In our previous study, we performed cell migration screening using the SAMcell (self-assembled cell microarray) method[18] in the highly metastatic SGC-7901 GC cell line and selected several candidate miRNAs which could inhibit cell migration[19], including miR-152-5p. Previously, Ge et al.[20]have reported that miR-152-3p could target PIK3CA in breast cancer as a tumor suppressor. Bioinformatics analysis revealed that PIK3CA might also be a potential target for miR-152-5p. However, whether miR-152-5p is also participating in the regulation of PIK3CA expression is unknown. In this study, we investigated and confirmed the role of miR-152-5p in GC by a series of experiments, and found that miR-152-5p significantly modulated cell viability, migration, invasion, angiogenesis, and cell-cycle progression of Human GC cells, and also inhibited tumor growth and metastasis in vivo by targeting PIK3CA. These results suggest that miR-152-5p, as a passenger strand of miR-152, might have potential functions beyond common sense.

Materials and Methods

Cell culture and transfection

The rat gastric epithelial cell line RGM-1 and human gastric epithelial cell line GES-1 were purchased from Procell Life Science & Technology Co,.Ltd. China. Human gastric cancer cell lines SGC-7901, MKN-45 and AGS were obtained from the Cell Resource Center, Peking Union Medical College. Cells were cultured in DMEM medium (Sigma-Aldrich, UK) with 10% FBS, 100 U/ml penicillin and 100 μg/ml streptomycin at 37°C in 5 % CO2. Transfection experiments were performed using vectors, 20nM siRNA or 20nM miRNA using Lipofectamine 2000 (Invitrogen, USA) according to manufacturer's protocol when cells reached 70% confluence.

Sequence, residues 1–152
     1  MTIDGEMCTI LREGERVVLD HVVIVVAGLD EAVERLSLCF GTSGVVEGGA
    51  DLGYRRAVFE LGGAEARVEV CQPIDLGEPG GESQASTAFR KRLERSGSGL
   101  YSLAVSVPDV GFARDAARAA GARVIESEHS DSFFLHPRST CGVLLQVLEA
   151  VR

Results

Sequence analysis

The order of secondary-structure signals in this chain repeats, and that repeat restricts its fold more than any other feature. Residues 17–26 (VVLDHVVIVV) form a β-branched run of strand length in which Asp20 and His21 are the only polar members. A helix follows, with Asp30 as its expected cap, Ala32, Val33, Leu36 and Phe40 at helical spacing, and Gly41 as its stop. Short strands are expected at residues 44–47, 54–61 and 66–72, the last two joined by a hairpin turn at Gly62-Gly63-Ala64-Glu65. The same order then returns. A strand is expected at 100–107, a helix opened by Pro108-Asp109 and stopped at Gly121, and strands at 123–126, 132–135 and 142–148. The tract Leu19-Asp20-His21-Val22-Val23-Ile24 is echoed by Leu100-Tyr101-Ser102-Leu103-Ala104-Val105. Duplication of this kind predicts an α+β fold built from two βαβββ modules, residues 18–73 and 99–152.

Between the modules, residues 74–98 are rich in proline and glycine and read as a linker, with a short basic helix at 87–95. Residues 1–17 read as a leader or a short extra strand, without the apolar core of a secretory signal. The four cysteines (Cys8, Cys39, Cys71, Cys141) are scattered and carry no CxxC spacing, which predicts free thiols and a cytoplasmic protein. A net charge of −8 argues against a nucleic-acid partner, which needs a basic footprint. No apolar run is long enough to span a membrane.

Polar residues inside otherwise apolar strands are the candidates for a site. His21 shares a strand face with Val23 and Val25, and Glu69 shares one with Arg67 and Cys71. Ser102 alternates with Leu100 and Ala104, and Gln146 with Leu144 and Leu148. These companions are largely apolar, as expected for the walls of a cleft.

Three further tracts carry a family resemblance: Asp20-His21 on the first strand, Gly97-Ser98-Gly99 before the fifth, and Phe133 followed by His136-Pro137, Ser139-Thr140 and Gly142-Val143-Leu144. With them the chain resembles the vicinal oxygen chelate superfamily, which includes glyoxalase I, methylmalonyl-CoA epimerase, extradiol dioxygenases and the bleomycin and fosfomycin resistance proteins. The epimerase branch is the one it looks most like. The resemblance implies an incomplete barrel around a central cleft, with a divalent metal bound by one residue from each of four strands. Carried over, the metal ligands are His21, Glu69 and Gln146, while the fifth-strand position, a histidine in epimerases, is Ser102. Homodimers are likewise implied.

The miRNA mimic and siRNA were as follows:

MiR-152-3p mimic, 5′-UCAGUGCAUGACAGAACUUGG -3′ (sense); MiR-152-5p mimic, 5′-AGGUUCUGUGAUACACUCCGACU -3′ (sense). PIK3CAsiRNA, 5′-GGAUCUUCCACACAAUUAA-3′ (sense).

Clinical specimens

A total of 15 paired GC and adjacent non-tumor gastric tissues were collected at the First Affiliated Hospital of Soochow University (Suzhou, China). This study was approved by the First Affiliated Hospital of Soochow University. The written informed consent was obtained from all participants.

Quantitative real-time PCR

Total RNA was isolated from cells with TRIzol reagent (Invitrogen). Relative miRNA or mRNA levels were determined by RT-qPCR using 7500 Real-Time PCR System (Applied Biosystems, UK). U6 was used as the internal control for miRNA, and GAPDH was used as the endogenous control for mRNA.

Primers for RT-qPCR sequences are as follows: PIK3CA: 5′-GTCAATCGGTGACTGTGTGG-3′ (forward), 5′-AGGTTCTGTGATACACTCCGACT-3′ (reverse). GAPDH: 5′-ACAACTTTGGTATCGTGGAAGG-3′ (forward), 5′-GCCATCACGCCACAGTTTC-3′ (reverse). U6: 5′-CTCGCTTCGGCAGCACA-3′ (forward), 5′- GCGAGCACAGAATTAATACGAC-3′ (reverse). MiR-152-3p: 5′-GCAGTCAGTGCATGACAGA-3′ (forward), 5′-GTCCAGTTTTTTTTTTTTTTTCCAAG-3′ (reverse). MiR-152-5p: 5′-CAGAGGTTCTGTGATACACTC-3′ (forward), 5′-GGTCCAGTTTTTTTTTTTTTTTAGTC-3′ (reverse).

MicorRNA stability assay

Cells were seeded in 12-well plates and cultured at 37 ℃ under 5% CO2 for 24 h. Total RNA was isolated from cells treated with actinomycin D (10 mg/L) at 0, 4, 8, 12 and 24 hours respectively. Relative abundance of miRNAs was detected by RT-qPCR.

Western blot analysis

Total cell proteins were isolated with the ProteoJET™ Mammalian Cell Lysis Reagent (Thermo Scientific, USA). Proteins (50 μg) were separated using 10% SDS-PAGE and transferred to nitrocellulose membranes. The membranes were probed with the specific primary antibodies against PIK3CA (#4249, Cell Signaling, USA), or Tubulin (#5666, Cell Signaling, USA). Finally, protein bands were visualized using enhanced chemiluminescent substrate, according to the manufacturer's protocol (Thermo). The images were quantified by ImageJ software (


The human PIK3CA 3′ UTR (GenBank accession NM_006218.3) containing the predicted miR-152-5p binding site was PCR amplified using genomic DNA from SGC-7901 cells. Then, the PCR product was cloned into the pGL3 Vector (Promega, Madison, WI, USA) located between XbaI and EcoRI restriction enzyme sites downstream of the firefly luciferase reporter gene and named PIK3CA-wt-3′ UTR. The miR-152-5p target binding site was muted using MutanBEST mutation kit (Takara, Japan), and also cloned into the pGL3 Vector, named PIK3CA-mut-3′ UTR. Primers for cloning (bold italic for restriction sites) are as follows:



Luciferase assay